In an age of 24-hour news coverage, personal memories can get lost in the noise. It's Mary Marshall Clark's job to turn off the TV and listen.
On September 12, 2001, Mary Marshall Clark started the day setting out for work -- and ended up beginning a job that has occupied her for the last 10 years. The city, she remembers, was eerily quiet for a place where people usually don't stop talking. "There was a strong feeling you had to keep going and not look -- not to think about it -- just keep going with your work," she says. Clark did both.
In the days following the World Trade Center attacks, Clark, one of the world's foremost oral historians, started an interview project analyzing the role September 11 played in New Yorkers' lives and how these New York stories differ from what 9/11 has come to mean in the national media. Ten years later, after thousands of hours of interviews and tens of thousands of pages of transcripts, Clark is beginning to understand what it all means.
Clark is the director of the Columbia Center for Oral History, a single room on the eighth floor of Columbia University's main campus library. No elevator goes to the eighth floor; to get to it, you walk up two flights and follow a narrow white hallway lined with appointment-only study cubicles. On one side, you'll find a single door with a frosted glass window and a small placard identifying the office.
This little-known office, whose interior Clark designed, is one open space with dark wood molding and glass half-wall dividers between desks -- meant to break down the office hierarchies and encourage conversation. The office's high ceilings and skylights fill it with light, illuminating books upon books that follow a wraparound walkway along the walls, like an antique library.
The September 11th Oral History Narrative and Memory Project set out to understand how the attacks affected the lives of everyday New Yorkers over three years following the attacks. After the attacks, Clark turned off her TV out of concern about her son viewing violent imagery. But as an oral historian -- a member of a profession that seeks to collect and preserve a diversity of voices -- removing the images on television was symbolic of what 10 years of analysis has led Clark to believe: September 11 has many meanings for New Yorkers, but media's version is far from the truth.
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The outside of the Columbia library bears the classic names of antiquity ("Sophocles, Plato, Aristotle, Demosthenes" etc). Clark points to one in particular as her profession's predecessor: the first historian Herodotus, who believed that a history of an event is incomplete until the historian has interviewed everyone involved. In an article recently accepted by the journal Radical History Review entitled "Herodotus Reconsidered," Clark argues this very point: that historians in general, not just oral historians, must take the plurality of voices into account since one event can mean many things for many people.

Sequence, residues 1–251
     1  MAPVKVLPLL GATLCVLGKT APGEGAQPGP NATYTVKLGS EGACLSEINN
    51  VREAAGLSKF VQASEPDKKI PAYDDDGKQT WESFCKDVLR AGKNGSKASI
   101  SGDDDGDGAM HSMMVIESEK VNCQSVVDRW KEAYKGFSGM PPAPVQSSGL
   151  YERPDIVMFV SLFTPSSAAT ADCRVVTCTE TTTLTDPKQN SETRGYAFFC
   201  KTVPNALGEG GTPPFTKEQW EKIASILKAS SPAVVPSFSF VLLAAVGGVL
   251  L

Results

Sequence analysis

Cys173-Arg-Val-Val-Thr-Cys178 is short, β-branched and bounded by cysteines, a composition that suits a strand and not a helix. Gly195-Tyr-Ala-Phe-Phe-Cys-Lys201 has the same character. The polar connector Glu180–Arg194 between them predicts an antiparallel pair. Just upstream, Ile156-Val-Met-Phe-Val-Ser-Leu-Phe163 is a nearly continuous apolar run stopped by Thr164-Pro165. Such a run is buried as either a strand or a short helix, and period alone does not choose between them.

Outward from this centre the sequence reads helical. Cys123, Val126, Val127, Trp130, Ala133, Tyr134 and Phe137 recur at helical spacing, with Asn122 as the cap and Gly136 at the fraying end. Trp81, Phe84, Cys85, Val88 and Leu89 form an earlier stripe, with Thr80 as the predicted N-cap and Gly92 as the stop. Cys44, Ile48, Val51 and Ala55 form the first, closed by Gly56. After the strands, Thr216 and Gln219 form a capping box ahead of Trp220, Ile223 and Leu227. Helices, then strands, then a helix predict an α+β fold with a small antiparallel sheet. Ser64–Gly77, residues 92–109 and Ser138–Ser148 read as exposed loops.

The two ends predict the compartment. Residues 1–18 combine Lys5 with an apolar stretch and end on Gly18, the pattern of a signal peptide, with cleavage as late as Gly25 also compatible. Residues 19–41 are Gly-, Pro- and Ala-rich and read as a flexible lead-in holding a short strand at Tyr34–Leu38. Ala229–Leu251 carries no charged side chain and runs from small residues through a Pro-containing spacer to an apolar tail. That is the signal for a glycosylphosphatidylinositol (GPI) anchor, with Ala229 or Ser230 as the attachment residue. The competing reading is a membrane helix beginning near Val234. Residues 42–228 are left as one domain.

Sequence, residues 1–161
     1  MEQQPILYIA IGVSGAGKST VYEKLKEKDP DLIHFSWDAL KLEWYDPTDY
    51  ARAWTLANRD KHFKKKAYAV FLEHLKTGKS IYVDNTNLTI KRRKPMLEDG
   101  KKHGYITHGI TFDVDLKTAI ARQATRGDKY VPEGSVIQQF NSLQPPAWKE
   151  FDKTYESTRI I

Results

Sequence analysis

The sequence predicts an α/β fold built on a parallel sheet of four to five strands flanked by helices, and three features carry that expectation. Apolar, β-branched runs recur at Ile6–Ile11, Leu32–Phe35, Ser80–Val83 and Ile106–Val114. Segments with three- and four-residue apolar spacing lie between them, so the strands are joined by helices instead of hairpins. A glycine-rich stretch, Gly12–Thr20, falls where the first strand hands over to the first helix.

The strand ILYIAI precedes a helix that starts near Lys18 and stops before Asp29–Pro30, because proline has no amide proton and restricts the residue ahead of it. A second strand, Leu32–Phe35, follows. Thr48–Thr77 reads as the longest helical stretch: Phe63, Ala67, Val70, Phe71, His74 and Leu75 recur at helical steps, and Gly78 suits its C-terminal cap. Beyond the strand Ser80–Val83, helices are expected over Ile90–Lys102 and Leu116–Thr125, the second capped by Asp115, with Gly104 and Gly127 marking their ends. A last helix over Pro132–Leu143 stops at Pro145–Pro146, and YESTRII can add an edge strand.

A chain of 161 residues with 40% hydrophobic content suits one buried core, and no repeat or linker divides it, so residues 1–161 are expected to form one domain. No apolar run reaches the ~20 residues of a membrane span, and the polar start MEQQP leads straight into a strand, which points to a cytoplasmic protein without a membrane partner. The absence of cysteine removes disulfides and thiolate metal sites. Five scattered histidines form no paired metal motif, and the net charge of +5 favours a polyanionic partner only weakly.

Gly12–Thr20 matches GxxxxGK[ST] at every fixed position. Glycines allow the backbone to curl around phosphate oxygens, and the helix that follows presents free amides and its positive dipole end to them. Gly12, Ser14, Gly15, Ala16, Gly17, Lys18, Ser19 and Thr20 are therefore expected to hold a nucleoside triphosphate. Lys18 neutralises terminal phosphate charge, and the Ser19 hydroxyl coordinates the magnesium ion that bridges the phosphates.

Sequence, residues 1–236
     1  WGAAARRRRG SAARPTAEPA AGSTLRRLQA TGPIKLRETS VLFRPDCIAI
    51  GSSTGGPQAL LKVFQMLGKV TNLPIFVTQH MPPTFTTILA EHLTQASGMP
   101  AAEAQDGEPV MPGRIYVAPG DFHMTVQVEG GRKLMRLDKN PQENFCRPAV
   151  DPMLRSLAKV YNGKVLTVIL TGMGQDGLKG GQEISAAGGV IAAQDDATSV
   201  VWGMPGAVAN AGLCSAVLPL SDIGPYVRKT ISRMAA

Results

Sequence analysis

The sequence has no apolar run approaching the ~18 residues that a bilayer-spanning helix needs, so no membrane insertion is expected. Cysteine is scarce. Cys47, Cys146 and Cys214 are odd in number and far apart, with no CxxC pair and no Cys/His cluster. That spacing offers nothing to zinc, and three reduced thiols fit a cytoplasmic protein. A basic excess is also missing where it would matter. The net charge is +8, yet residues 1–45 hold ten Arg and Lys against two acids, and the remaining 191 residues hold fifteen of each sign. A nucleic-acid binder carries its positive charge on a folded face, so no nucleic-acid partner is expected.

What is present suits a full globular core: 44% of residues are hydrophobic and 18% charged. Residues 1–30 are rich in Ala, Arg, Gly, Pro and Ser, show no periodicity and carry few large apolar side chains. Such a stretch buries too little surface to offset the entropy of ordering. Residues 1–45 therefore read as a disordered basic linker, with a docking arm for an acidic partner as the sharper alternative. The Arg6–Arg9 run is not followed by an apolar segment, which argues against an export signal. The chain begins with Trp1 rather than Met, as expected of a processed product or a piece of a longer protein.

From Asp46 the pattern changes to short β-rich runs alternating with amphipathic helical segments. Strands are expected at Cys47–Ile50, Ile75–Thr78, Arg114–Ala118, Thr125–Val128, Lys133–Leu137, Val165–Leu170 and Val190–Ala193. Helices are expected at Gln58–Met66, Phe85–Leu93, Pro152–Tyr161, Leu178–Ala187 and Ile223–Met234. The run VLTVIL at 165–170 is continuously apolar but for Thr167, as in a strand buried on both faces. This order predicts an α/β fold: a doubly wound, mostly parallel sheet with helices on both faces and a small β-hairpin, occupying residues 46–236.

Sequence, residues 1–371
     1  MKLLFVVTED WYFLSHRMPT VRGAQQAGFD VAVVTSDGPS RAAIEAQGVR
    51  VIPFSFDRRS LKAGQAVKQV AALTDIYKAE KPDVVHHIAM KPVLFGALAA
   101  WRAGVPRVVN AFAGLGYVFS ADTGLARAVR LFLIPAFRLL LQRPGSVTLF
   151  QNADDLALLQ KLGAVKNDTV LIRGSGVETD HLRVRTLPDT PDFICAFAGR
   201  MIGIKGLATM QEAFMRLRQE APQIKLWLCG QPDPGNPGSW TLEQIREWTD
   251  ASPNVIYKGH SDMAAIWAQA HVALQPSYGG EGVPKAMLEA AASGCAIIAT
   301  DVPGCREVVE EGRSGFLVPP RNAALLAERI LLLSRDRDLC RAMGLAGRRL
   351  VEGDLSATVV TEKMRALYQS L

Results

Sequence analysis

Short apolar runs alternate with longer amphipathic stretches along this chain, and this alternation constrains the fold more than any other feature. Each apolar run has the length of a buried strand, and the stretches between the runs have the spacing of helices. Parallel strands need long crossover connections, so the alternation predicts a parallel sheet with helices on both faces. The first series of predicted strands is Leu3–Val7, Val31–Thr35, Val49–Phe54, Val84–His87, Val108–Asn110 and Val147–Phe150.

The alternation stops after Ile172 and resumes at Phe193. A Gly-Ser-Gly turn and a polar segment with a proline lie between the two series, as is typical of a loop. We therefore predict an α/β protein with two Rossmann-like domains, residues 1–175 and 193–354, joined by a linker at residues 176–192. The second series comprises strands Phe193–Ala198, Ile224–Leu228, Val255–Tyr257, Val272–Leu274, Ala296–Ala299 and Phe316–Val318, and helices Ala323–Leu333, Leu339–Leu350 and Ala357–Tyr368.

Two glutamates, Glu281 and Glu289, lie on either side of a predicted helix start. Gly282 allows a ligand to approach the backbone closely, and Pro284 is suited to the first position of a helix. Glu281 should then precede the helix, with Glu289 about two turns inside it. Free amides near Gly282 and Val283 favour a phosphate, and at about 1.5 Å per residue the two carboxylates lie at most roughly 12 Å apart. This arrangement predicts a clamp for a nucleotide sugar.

Whether such a personal form of storytelling should be considered on par with objective history, however, is debated. Social psychologists have shown in a number of studies that individuals' recollections of events are subject to distortions in memory, forgetting of events, and, most interestingly, group convergence. A series of studies in the 1950s known as the Asch Conformity Experiments showed how susceptible people were to external opinions even on simple tasks such as judging whether a given line was longer than another.
One of the seminal figures in the field, however, an Italian historian named Alessandro Portelli, defends the value of oral history. First, he points out that oral histories have a richness of emotion and memory, which provides historical context. Second, he debunks the notion that traditional history is itself free from subjectivities. Formal historical records such as police reports or court documents, he points out, inevitably stem from eyewitness or oral accounts. When they are written down they become "official" versions of events but are not necessarily any more reliable, Portelli argues.
In oral history, you can understand "what people did, what they wanted to do, what they believed they were doing, and what they now think they did," he writes. Or, as Clark paraphrases Sartre, the value is "not only in what happened, but in what people did with what happened."
While Clark was in the field training interviewers, reviewing transcripts, and trying to make sense of the diverse experiences she was hearing in the fall of 2001, another, simpler story was developing in the media. As often happens after historically important events, a mainstream view of September 11 was emerging: The attacks in New York and Washington were acts of war and, as such, required swift retaliation.
By contrast, for the majority of those who gave oral histories of September 11, the day largely wasn't about retaliation, "it was a deeply sad day," Clark says, one that gave people pause and time for mourning. According to Clark, sadness, survivor's guilt, and a sense of surrealism -- not anger -- were the predominant affects her team found in the collection. In the collection, Democrats and lifelong Republicans speak about their worry that the U.S. rushed to war too quickly and lamented that only more violence would most likely result.
James Dobon, a paramedic who rescued scored of people Lower Manhattan that day is one example: "The one thing that's changed the most is, like, what's going on now in Iraq -- no, not Iraq, in Afghanistan, I'm sorry, in Afghanistan," he says. "Even after this happened and they started talking about retaliation, I'm more of a pacifist than ever. I said -- and I'm a Republican -- because what I saw that day, the devastation, I could not basically see us doing to other people. Life is too cheap then; it doesn't mean anything, and there's not reason for it."